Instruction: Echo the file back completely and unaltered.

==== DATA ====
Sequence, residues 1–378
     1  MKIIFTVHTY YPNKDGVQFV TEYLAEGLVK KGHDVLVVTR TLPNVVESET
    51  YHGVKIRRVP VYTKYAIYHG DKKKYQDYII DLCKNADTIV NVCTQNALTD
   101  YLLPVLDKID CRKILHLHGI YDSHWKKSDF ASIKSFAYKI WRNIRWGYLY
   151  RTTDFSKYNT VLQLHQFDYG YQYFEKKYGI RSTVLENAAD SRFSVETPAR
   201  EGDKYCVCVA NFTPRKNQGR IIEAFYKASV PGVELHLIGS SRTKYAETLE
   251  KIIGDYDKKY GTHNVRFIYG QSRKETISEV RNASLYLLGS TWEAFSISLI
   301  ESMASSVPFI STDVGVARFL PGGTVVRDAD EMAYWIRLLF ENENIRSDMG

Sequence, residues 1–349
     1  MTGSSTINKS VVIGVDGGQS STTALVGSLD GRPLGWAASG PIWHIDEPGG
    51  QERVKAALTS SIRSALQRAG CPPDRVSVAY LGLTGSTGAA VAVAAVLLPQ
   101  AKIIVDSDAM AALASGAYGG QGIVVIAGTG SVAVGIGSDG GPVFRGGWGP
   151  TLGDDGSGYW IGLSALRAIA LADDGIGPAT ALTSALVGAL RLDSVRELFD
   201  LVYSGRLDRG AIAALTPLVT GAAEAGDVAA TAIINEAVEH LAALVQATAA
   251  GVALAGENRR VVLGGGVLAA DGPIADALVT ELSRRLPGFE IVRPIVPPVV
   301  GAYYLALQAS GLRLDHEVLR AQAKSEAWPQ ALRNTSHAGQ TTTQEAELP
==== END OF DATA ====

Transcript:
Sequence, residues 1–378
     1  MKIIFTVHTY YPNKDGVQFV TEYLAEGLVK KGHDVLVVTR TLPNVVESET
    51  YHGVKIRRVP VYTKYAIYHG DKKKYQDYII DLCKNADTIV NVCTQNALTD
   101  YLLPVLDKID CRKILHLHGI YDSHWKKSDF ASIKSFAYKI WRNIRWGYLY
   151  RTTDFSKYNT VLQLHQFDYG YQYFEKKYGI RSTVLENAAD SRFSVETPAR
   201  EGDKYCVCVA NFTPRKNQGR IIEAFYKASV PGVELHLIGS SRTKYAETLE
   251  KIIGDYDKKY GTHNVRFIYG QSRKETISEV RNASLYLLGS TWEAFSISLI
   301  ESMASSVPFI STDVGVARFL PGGTVVRDAD EMAYWIRLLF ENENIRSDMG

Sequence, residues 1–349
     1  MTGSSTINKS VVIGVDGGQS STTALVGSLD GRPLGWAASG PIWHIDEPGG
    51  QERVKAALTS SIRSALQRAG CPPDRVSVAY LGLTGSTGAA VAVAAVLLPQ
   101  AKIIVDSDAM AALASGAYGG QGIVVIAGTG SVAVGIGSDG GPVFRGGWGP
   151  TLGDDGSGYW IGLSALRAIA LADDGIGPAT ALTSALVGAL RLDSVRELFD
   201  LVYSGRLDRG AIAALTPLVT GAAEAGDVAA TAIINEAVEH LAALVQATAA
   251  GVALAGENRR VVLGGGVLAA DGPIADALVT ELSRRLPGFE IVRPIVPPVV
   301  GAYYLALQAS GLRLDHEVLR AQAKSEAWPQ ALRNTSHAGQ TTTQEAELP